Lost amongst the ifs and buts of whether the CBI could survive the phalanx of governance failings it stood accused of was the question of whether it, or the other business groups, were doing their job in the first place, or what they were for.
A corporate human shield for business leaders that didn’t want to put their heads above the parapet? A lobby ground for the wider business community, or a special interest operation for its members? The same questions could easily be thrown in the direction of the other acronym-heavy groups who dominate the airwaves, from the FSB to the IoD.
Well, they’ll need to figure out their purpose quick. There’s a new player in town: The Jobs Foundation, launched over the weekend. it has – perhaps appropriately for a group that will argue for the animal spirits of capitalism to be let loose – spotted a gap in the market: a campaign organisation not beholden to the strata of the business community from which it draws its members, but as a wider voice banging home the message loudly and repeatedly that the only way Britain will create the jobs and growth it needs is to encourage the creation and scaling of businesses.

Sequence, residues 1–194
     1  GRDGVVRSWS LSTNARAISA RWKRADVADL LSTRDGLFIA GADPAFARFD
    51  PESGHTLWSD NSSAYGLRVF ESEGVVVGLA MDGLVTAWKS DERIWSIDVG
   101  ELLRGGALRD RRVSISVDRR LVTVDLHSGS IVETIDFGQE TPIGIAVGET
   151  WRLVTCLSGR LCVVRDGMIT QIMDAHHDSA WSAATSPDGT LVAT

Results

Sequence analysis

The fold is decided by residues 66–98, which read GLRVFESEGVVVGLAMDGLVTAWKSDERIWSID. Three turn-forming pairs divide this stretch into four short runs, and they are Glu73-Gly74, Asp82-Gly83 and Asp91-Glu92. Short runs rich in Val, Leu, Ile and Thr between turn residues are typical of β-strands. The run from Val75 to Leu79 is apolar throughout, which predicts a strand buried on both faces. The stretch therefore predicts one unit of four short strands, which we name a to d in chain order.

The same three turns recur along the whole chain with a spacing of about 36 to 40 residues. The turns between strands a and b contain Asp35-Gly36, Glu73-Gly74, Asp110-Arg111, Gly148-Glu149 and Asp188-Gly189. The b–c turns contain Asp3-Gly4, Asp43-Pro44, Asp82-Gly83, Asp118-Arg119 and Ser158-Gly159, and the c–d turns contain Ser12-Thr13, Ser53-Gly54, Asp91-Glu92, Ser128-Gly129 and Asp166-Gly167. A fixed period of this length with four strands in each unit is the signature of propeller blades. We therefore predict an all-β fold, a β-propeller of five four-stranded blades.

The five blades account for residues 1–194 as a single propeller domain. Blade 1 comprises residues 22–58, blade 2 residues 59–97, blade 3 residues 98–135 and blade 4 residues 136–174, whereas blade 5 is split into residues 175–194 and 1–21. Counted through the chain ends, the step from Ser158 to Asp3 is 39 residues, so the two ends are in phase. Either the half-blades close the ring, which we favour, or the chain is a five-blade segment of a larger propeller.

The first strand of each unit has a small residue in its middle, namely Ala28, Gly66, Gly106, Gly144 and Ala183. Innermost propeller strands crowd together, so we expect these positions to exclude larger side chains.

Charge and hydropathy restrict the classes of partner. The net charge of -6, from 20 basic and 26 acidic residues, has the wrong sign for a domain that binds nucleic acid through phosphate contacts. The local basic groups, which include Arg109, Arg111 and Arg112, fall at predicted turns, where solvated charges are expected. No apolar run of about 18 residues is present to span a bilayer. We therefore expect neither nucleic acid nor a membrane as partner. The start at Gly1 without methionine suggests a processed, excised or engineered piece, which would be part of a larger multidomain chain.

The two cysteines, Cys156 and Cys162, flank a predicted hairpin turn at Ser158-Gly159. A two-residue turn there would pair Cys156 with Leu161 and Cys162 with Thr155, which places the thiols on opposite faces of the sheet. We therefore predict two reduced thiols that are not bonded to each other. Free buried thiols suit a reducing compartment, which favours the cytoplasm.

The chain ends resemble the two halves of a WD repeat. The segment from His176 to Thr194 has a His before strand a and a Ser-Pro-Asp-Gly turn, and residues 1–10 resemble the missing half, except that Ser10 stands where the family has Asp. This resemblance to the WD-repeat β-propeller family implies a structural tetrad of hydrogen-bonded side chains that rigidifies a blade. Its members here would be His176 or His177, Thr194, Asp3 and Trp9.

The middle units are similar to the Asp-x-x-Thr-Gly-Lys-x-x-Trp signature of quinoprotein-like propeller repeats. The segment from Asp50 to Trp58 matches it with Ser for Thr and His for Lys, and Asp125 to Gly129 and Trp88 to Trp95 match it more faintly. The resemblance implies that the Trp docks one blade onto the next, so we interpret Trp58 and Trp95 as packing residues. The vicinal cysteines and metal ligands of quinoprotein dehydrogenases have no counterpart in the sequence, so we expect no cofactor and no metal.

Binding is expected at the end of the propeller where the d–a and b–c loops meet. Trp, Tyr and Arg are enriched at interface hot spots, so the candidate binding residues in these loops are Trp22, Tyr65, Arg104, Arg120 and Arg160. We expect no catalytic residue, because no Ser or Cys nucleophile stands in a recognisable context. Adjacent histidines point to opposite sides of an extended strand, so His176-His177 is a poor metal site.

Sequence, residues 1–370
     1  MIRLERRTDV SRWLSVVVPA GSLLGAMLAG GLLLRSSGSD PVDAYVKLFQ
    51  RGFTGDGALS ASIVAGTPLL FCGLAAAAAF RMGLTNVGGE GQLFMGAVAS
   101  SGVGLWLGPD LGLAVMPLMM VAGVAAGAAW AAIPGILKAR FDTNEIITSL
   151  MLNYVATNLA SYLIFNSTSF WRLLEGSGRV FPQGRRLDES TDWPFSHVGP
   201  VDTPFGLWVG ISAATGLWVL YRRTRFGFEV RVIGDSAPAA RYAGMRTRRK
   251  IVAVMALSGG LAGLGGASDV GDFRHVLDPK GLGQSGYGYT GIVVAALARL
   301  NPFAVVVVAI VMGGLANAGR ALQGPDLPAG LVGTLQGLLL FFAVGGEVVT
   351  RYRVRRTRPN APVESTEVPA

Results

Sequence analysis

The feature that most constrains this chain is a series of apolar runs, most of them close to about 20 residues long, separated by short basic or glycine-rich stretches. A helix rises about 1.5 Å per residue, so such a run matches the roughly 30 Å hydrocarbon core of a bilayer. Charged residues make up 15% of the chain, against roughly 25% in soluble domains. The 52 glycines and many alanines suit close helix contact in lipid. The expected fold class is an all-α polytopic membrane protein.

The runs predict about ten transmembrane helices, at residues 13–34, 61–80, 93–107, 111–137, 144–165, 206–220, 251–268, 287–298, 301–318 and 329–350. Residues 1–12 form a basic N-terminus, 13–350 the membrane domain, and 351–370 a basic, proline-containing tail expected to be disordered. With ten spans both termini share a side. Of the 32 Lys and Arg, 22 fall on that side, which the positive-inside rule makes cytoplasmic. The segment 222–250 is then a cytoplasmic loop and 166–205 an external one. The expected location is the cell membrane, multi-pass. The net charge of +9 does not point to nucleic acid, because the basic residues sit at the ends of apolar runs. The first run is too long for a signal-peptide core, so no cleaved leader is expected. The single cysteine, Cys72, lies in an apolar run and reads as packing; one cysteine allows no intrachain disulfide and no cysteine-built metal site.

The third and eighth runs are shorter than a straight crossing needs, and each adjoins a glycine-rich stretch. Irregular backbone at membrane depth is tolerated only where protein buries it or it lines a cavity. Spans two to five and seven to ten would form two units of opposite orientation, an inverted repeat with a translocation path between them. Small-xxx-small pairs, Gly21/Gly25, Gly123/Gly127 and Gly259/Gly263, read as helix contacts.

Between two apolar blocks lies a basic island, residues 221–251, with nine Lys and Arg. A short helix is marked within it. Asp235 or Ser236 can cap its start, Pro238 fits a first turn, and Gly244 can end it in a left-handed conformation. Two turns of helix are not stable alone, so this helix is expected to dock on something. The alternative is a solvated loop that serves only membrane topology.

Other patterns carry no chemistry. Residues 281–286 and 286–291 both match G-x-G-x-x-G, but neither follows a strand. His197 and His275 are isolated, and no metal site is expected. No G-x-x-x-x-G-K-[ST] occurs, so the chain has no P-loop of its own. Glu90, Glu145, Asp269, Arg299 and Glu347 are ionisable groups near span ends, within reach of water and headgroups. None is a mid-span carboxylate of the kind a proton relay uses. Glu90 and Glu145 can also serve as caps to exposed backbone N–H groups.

The Jobs Foundation has some impressive names behind it. Matthew Elliott has been the architect of a series of successful SW1 campaigns; Georgiana Bristol and Patrick Spencer, too, are serious people. The Jobs Foundation will provide a welcome electric shock to our national debate, not ‘speaking for business’ but having the argument about the very purpose of enterprise.
It will, at times, be an uphill battle. Polling suggests that the majority of Brits derive their views of the business community from our foremost entrepreneurs (think Karren Brady and Alan Sugar) and from their interactions with our biggest firms in rail, energy and water, few of which are right now covering themselves in glory.
But it’s a welcome struggle, and one worth welcoming. If we’ve learnt one thing from Elliott’s campaigns over the year, the group will rarely be afraid of putting noses out of joint if it helps their own, worthy, argument.